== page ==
According to the Oxford Dictionary ‘Endearment’ means ‘Expression of Love or Affection’. This truthfully implies that my Tales of Endearment are stories about everything that is dear to me, stories about everything I affectionately love. So wouldn’t it make sense then that I write a Tale about my sister, Evelien? Because, like a friend told me, “doing a piece about a family member is the ultimate endearment.”

In a recent interview someone asked me: “What are the five things you can’t live without?” My number one answer was, “My sister, because she makes me laugh.” Evelien is the funny one in the family. Her sense of humor transcends any conventional boundaries and social inhibitions. She’s witty, silly, comical and ridiculously entertaining, in a Jim Carrey kind of way. When she’s in her element she can have the entire room in stitches, crying with laughter. I usually resort to a series of half-snorts, something we have genetically in common. “I like making people laugh or getting attention for being retarded,” she admits generously. “I like being the centre of attention!” When she was a little girl, Evelien was beyond shy. She barely spoke until she was five years old. Her teachers adored her because she always quiet in class. She hid in my mom’s skirt when adults said hello. Until one day we saw her act in a play in front of hundreds of people at our local church. This timid, little shell of a girl had transformed into a seasoned, masterful performer overnight.

That’s when I knew she had to be an actress. It would take two more decades, a battle against undiagnosed ADHD, a series of exciting and not-so-exciting jobs in Paris, Sydney and Kortrijk, on-and-off phases of serious partying and a long-distance love affair with an Australian guy she met on myspace, before she finally signed up for acting school. “When I arrived in New York three years ago, I started watching a lot of SNL,” she recalls. “I really like Kristin Wiig. She’s my inspiration.” As soon as she landed her dream job as Photo Editor at V magazine in March of 2010 and settled in the East Village, she set out to pursue a new, long overdue goal. “I started taking classes at Stella Adler. I did an intensive two-month workshop early this year and I really liked it. I met some really cool people. Now I am signed up at Upright Citizens Brigade where you can take improv classes. Much different! It’s actually really hard. Especially if you have to play with someone else. Most of them suck,” she laughs. “That’s why it’s hard! I hope they dont read this…!!”.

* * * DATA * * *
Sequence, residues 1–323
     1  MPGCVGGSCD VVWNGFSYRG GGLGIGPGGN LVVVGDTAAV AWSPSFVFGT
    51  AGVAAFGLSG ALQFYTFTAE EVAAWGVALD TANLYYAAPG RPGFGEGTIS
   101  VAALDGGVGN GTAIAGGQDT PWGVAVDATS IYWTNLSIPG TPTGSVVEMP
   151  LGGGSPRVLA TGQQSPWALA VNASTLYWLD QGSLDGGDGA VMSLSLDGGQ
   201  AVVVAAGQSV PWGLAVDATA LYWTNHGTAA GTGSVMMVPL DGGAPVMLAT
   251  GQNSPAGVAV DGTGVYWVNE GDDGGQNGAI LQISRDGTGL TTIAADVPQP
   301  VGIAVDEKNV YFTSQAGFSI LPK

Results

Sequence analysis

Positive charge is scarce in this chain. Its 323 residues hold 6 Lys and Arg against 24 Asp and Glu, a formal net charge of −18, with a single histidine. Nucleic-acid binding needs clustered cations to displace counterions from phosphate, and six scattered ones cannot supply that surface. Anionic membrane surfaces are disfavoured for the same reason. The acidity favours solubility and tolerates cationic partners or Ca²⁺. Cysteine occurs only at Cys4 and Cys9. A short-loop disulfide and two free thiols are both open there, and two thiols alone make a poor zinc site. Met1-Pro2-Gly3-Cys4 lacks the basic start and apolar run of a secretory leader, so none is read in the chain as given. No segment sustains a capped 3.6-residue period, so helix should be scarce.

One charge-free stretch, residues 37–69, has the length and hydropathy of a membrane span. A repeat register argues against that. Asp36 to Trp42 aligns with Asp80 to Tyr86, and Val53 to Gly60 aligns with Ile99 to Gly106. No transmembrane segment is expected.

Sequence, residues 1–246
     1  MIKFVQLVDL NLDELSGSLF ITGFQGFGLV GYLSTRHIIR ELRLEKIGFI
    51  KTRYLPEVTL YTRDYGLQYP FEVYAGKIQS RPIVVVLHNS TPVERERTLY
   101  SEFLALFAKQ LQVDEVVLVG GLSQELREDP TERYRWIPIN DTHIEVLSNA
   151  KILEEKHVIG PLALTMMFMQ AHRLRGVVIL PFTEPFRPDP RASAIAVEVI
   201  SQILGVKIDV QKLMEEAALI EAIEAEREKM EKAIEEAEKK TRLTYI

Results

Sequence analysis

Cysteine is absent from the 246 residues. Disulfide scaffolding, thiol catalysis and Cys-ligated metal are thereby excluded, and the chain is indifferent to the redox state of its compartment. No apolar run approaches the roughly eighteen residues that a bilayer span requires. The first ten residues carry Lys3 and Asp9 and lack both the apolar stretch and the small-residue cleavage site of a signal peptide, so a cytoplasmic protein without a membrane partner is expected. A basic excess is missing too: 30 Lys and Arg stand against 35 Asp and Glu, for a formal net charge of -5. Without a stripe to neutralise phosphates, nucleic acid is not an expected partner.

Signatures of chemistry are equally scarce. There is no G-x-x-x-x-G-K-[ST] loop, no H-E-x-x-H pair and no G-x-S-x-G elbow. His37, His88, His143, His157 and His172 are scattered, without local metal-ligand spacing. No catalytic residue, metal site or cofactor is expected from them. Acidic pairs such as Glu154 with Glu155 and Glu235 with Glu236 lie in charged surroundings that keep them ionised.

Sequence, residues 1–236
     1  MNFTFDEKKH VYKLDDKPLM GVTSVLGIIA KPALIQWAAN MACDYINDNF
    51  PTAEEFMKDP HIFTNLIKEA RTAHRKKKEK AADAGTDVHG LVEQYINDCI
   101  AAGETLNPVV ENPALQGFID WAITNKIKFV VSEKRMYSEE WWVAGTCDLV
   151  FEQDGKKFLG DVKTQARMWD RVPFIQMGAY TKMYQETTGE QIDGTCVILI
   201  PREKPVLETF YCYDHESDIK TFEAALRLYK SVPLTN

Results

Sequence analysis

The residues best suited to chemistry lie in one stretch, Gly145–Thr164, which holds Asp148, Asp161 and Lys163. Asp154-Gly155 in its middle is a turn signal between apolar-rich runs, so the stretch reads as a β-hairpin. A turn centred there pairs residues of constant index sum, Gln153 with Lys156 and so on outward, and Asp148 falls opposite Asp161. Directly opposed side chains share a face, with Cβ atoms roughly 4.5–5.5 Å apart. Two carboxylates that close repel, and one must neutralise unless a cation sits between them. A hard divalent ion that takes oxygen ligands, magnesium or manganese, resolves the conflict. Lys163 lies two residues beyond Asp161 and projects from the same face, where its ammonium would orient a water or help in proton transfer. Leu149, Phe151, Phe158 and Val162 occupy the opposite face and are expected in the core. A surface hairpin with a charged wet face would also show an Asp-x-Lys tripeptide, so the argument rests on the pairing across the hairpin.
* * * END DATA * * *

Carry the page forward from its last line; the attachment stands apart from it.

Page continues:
I would describe my sister’s dress sense as “stylishly wacky”. At times she’s a downtown girl with a bit of Wang and Belgian influences. Other times she’s an explosion of hippie colors, fringes and flares. “I don’t go with one style. Sometimes I wear all new, deconstructive things. Sometimes I wear all vintage. Sometimes it looks uber-hip. And sometimes it looks very Belgian. I guess you can say I have a quirky, all-over-the-place, transcontinental style??” Our shoot took place in April when it was still miserably cold. And gathering from the selection of items she’d laid out for me, Evelien was having a tapestry moment. She wore jackets, vests and body warmers in cool colors and softly woven woolens. And she had accumulated a collection of wondrous pants that would put Willy Wonka to shame. “I really have no idea how my obsession with funny pants started…” she thinks intensely, “but I think Stella Dallas has something to do with it. It’s my favorite vintage store in Williamsburg. They have all these funny and amazing things. I bought a pair of old Wrangler orange striped cropped pants and I thought to myself: Hmmm… could be a funny Balmain version! Hahaha! Also, I just wear the pants and pretend that they are normal pants. I wear normal shoes and normal sweater or t-shirt. If you start wearing a crazy top too, you become like a fashion freak and that’s so unattractive.”

It’s great to have a little sister. I know her better than anyone. I changed her diapers and helped her mend a broken heart. She’s complicated but never complicating. She has a crazy head with a sane mind. She holds no mask or excuses. She’s a trooper and a fighter. And though we are so very, very different, we understand each other, even if we don’t want to. We’re Capricorns. We’re daughters. We’re foreigners. I’ve called her Blinie since she was six years old. And the nickname stuck. Just like I know she’ll always stick by me.

Read more on Evelien Joos’ style notes on



June 15, 2011

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